City officials approve drones to monitor, inspect sites
- Spokane (Washington) Public Works Department legislators approved a plan to use drones to inspect local infrastructure, monitor ongoing projects and conduct environmental analysis, KREM 2 News reported.
- One drone, which reportedly will cost the city $15,000, is expected to be operational by the end of the summer. Legislators expect the technology to save taxpayers money by speeding up completion of public works projects in the area, KREM 2 reported.
- Spokane officials reportedly said the plan will save contractors money by decreasing overtime hours and make jobsites safer by delegating risky inspections to drones.
Unmanned aerial vehicles (UAVs) are a “no-brainer” for the construction industry, according to Ryan Moret of McCarthy Building Cos., and easier to adopt than one might think, he said in a recent webinar panel. The real-time data and images gathered from drones, even entry-level hobby models, can help contractors track project progress and identify issues early on, improving their ability to finish on time and within the budget.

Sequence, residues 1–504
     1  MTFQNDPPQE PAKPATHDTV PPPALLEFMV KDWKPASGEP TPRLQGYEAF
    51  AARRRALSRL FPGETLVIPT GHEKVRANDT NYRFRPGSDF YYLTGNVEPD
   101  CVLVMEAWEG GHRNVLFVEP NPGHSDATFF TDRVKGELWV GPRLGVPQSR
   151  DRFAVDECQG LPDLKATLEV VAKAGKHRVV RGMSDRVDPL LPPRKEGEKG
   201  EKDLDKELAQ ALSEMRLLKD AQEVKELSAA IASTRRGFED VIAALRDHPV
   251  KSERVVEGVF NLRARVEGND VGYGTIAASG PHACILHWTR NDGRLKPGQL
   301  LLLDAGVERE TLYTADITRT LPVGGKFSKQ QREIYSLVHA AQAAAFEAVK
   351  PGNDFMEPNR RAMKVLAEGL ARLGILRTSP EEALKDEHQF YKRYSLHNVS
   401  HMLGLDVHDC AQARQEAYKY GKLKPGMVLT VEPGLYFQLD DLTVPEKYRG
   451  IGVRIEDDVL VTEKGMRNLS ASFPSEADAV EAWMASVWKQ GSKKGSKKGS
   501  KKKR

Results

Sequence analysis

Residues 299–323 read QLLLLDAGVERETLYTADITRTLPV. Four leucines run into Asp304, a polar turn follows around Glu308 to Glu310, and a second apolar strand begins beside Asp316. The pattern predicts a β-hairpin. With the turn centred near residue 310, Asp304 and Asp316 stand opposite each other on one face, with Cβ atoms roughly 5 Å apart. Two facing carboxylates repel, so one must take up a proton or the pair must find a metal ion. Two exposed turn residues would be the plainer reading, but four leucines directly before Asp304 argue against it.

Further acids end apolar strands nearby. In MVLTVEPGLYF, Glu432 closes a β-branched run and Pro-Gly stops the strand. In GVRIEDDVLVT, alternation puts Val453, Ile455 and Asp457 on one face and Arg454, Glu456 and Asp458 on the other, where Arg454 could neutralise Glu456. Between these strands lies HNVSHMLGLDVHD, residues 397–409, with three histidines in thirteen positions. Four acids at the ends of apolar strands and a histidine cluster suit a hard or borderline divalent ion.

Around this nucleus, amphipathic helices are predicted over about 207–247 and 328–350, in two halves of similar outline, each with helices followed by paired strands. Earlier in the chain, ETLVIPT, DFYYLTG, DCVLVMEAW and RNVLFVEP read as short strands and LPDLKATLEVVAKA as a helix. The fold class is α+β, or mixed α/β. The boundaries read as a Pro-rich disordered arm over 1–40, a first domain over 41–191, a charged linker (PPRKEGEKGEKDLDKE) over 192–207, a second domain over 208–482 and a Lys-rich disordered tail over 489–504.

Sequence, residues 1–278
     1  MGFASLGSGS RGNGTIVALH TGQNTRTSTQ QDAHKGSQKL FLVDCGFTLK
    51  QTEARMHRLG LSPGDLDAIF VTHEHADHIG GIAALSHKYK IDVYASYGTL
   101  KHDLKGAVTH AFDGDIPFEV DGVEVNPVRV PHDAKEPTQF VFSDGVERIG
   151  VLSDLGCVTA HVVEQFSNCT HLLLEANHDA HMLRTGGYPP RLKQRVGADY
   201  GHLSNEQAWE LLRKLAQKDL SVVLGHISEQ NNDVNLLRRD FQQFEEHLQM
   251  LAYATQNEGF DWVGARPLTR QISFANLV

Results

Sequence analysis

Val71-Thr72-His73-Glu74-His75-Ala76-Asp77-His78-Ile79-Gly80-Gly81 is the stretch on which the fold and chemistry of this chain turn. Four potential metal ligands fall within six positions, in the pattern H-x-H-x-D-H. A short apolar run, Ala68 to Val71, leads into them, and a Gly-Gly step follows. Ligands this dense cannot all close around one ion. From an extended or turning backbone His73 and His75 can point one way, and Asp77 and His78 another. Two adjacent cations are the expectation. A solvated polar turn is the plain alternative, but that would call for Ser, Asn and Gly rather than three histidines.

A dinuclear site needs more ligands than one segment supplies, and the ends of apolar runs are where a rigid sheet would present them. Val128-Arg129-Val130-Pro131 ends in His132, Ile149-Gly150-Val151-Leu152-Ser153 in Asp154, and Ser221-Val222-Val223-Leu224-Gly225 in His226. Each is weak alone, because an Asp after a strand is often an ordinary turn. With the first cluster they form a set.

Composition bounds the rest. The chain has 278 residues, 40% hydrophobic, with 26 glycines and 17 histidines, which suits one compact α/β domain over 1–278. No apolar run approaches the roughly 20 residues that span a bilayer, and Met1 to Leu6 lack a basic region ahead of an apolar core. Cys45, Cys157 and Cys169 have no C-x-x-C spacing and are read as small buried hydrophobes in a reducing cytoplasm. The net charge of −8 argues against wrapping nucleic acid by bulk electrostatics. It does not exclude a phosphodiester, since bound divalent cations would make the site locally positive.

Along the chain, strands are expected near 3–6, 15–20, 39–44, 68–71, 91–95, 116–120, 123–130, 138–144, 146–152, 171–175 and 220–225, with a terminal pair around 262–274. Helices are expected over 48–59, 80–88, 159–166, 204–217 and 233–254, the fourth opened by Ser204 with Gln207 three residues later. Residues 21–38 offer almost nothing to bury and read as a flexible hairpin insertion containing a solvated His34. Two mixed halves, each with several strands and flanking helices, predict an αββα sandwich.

Drones can also go where humans can’t, at least not without considerable risk. Spokane Public Works director of strategic development Marlene Feist told KREM 2 that UAVs can conduct routine inspections faster and more safely than humans, eliminating the need for extensive precautions. A drone might be used, for example, in inspecting a cell tower that a worker would otherwise have to climb.
Drones are strictly regulated by the Federal Aviation Administration, however, the FAA may be getting in the way of broader industry adoption. In a recent report, the National Academies of Sciences, Engineering and Medicine (NASEM), which is chartered by Congress to advise the government on scientific matters, called the FAA’s approach to drone certifications and approvals “overly stringent.”
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